Dear Bruno. I had a session in Berlin with the software people from Wikimedia and two things might be of immediate interest for you: Properties with a string input as well as descriptions in the header are now open to input of up to 1500 characters (which is nice for title page transcripts).

You can now also upload media files - documents, contemporary engravings. The present wikibase version might not display them on the data sets but that will come with the next version update. --Olaf Simons (talk) 16:07, 17 January 2020 (CET)


What is specifically German in the career of "Arzt"? Would'nt it be better to define "Arzt" as a profession, equivalent to "physician" in English and "médecin" in French?

Nothing, I confess I am somewhat insecure what to do with the career statements and professions. The colleague who is the expert here is Katrin Moeller in Halle, also a DH specialist. She has a full nomenclature which would work in all languages - and she collected contemporary terms to mark historical changes. I should contact her again. You are free to set foreign labels to all the professions. --Olaf Simons (talk) 14:44, 27 January 2020 (CET)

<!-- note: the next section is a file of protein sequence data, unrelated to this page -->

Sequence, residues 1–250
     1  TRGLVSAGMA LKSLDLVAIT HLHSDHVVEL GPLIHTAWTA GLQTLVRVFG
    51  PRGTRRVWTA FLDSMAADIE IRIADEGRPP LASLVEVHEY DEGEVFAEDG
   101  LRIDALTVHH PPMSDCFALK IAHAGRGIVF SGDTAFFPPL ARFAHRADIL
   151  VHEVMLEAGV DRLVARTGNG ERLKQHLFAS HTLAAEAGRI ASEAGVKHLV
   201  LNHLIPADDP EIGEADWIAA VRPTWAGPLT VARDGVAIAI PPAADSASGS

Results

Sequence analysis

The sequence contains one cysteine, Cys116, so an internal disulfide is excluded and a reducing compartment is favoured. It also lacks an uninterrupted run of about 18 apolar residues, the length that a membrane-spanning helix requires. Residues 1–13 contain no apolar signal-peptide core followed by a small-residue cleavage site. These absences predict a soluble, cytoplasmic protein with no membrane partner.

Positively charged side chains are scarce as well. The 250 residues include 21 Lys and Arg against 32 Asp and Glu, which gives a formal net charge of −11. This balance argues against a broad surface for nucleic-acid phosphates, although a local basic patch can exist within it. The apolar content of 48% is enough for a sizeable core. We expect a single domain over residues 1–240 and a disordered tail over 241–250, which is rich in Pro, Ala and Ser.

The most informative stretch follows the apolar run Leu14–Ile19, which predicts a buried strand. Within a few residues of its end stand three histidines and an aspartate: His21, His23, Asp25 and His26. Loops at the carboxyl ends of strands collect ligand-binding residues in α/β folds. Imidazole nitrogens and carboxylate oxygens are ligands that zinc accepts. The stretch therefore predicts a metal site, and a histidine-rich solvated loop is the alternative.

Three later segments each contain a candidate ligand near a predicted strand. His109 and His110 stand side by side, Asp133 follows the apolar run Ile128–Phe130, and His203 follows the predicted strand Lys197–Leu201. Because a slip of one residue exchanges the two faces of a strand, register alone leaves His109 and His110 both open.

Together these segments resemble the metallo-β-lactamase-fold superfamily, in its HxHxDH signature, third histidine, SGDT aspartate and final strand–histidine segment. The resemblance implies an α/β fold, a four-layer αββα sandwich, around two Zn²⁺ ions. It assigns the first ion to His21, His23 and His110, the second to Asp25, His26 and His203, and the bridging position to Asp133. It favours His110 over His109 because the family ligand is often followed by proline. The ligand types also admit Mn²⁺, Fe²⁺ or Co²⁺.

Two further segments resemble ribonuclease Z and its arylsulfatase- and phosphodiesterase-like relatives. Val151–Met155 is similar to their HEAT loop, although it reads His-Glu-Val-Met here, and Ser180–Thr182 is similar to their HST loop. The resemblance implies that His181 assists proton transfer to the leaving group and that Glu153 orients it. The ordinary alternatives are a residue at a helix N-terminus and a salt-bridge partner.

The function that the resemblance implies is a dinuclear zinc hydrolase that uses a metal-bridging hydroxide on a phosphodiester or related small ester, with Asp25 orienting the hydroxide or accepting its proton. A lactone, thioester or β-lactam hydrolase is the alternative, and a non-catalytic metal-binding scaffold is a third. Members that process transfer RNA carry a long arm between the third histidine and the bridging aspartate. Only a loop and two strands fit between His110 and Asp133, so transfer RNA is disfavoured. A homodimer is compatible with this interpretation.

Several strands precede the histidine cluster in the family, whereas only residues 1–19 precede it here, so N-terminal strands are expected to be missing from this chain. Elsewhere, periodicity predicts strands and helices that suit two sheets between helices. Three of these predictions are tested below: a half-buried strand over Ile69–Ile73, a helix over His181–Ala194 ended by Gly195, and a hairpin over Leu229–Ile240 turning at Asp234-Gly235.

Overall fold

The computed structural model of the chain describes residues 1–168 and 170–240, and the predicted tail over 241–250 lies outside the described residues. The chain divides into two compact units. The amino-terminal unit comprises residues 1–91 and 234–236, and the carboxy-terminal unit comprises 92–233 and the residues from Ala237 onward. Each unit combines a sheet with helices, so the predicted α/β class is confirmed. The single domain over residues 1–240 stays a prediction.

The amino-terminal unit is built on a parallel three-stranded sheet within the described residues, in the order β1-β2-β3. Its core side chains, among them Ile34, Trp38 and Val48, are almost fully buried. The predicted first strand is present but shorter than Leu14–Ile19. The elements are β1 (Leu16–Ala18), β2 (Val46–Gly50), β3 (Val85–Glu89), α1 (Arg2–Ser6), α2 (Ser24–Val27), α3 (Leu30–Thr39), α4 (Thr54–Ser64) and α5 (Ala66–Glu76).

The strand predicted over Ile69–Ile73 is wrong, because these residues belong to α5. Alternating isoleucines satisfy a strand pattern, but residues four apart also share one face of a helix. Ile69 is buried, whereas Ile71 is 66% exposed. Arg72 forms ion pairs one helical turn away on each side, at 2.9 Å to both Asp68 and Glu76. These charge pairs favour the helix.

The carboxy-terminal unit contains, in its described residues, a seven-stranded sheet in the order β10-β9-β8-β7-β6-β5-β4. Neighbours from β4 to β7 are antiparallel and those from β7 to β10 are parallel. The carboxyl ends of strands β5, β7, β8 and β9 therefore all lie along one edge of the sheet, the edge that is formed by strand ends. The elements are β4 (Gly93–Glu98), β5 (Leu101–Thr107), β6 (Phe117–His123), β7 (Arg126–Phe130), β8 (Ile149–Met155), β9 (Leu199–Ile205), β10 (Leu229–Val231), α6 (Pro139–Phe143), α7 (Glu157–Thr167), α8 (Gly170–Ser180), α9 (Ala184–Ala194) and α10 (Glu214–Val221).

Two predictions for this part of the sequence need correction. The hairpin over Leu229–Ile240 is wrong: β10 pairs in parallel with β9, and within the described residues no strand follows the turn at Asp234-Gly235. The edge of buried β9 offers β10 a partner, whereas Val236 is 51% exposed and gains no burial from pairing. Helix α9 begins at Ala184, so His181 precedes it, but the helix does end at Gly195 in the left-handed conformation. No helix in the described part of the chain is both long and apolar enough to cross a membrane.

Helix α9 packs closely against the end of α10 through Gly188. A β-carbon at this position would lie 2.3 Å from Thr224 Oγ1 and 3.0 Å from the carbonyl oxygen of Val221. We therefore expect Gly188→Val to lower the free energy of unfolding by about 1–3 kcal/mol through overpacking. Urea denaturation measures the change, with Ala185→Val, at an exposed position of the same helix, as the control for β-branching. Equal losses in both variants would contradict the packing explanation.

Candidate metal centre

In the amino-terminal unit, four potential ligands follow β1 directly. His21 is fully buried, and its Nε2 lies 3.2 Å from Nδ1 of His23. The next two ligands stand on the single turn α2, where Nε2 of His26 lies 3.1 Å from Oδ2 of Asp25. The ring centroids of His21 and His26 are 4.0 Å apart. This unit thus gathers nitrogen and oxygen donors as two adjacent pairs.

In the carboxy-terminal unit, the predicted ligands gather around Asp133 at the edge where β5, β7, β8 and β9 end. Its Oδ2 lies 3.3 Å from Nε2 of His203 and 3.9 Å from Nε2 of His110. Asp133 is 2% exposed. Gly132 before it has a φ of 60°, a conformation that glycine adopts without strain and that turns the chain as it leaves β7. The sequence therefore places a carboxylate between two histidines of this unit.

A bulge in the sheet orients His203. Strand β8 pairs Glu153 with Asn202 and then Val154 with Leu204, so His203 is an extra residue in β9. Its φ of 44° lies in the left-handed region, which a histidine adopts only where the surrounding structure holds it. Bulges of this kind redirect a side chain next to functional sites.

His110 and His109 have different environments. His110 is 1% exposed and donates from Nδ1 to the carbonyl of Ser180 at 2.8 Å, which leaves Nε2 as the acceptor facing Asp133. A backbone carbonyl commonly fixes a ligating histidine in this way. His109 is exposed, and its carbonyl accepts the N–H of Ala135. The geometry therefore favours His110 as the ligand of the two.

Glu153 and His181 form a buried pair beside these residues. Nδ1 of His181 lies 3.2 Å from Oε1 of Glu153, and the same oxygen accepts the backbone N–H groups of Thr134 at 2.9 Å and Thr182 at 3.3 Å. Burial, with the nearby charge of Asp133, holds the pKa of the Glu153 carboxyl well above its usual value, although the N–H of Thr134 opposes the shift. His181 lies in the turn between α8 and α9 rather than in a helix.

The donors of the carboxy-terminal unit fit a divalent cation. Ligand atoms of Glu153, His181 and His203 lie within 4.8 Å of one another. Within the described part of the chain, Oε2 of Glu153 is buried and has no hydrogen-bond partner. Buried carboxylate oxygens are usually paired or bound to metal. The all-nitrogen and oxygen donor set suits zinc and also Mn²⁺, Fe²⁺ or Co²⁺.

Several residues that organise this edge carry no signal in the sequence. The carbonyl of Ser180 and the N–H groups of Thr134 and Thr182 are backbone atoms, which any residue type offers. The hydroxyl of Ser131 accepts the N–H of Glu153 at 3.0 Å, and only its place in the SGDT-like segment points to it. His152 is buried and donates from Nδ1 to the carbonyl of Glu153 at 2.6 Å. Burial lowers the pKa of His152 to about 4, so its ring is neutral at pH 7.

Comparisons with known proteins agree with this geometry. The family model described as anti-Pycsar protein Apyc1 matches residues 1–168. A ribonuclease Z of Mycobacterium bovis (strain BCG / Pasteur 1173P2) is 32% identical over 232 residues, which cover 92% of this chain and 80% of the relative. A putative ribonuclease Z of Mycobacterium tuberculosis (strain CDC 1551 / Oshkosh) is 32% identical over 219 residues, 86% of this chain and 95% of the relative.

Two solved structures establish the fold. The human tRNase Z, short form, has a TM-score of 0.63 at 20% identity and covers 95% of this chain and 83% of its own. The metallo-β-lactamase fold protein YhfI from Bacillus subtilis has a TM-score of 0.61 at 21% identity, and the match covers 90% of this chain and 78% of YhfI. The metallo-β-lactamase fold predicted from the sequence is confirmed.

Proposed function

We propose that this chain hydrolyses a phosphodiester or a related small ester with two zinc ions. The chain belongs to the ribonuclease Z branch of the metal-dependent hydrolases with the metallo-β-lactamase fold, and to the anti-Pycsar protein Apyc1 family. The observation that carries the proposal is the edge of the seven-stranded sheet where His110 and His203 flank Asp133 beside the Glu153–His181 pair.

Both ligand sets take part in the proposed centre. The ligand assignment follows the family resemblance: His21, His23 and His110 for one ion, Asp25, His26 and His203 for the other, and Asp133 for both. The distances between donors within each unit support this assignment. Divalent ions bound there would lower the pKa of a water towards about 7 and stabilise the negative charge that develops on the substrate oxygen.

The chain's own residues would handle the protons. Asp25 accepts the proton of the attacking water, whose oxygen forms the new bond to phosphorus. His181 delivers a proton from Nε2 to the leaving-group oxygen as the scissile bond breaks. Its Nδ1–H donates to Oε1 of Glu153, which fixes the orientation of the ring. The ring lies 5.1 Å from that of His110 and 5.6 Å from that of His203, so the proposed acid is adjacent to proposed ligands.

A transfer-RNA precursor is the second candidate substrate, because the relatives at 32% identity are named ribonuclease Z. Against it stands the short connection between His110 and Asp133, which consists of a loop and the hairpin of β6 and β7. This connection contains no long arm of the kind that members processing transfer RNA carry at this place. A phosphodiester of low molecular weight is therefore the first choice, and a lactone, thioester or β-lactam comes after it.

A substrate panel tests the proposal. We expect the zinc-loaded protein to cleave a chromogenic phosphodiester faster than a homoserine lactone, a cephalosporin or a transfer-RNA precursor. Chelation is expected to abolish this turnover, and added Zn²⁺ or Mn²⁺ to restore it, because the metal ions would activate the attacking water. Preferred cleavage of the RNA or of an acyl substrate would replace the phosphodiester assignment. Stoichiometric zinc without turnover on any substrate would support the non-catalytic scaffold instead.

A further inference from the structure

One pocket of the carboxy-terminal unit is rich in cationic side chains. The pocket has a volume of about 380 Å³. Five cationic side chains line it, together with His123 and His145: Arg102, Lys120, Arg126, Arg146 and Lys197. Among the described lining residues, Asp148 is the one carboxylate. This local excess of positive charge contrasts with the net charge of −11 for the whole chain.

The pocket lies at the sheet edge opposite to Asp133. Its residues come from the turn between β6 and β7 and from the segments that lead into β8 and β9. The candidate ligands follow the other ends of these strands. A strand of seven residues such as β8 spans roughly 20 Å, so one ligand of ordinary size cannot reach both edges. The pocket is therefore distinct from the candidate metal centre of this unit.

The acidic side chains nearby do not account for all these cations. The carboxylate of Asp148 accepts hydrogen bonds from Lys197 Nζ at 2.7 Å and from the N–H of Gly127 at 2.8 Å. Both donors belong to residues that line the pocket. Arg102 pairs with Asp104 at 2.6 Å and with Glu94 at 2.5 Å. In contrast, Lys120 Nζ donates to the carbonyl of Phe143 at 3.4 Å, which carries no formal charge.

Q36783 ("painter") is both an instance of "profession" and an instance of "carreer statement". As an instance of "profession", it is also a class in the classification of professions (a subclass of "artistic profession")(and the class "painter" has also subclasses, like "painter miniaturist"). The statement date: "1848" makes sense for "painter as a "carreer statement" but certainly not for "painter" as a class in the professions. To avoid this problem, I propose to put the statement date: "1848" as a qualifier of "painter" as an instance of "carreer statement" (or to delete it).--Bruno Belhoste (talk) 15:48, 29 January 2020 (CET)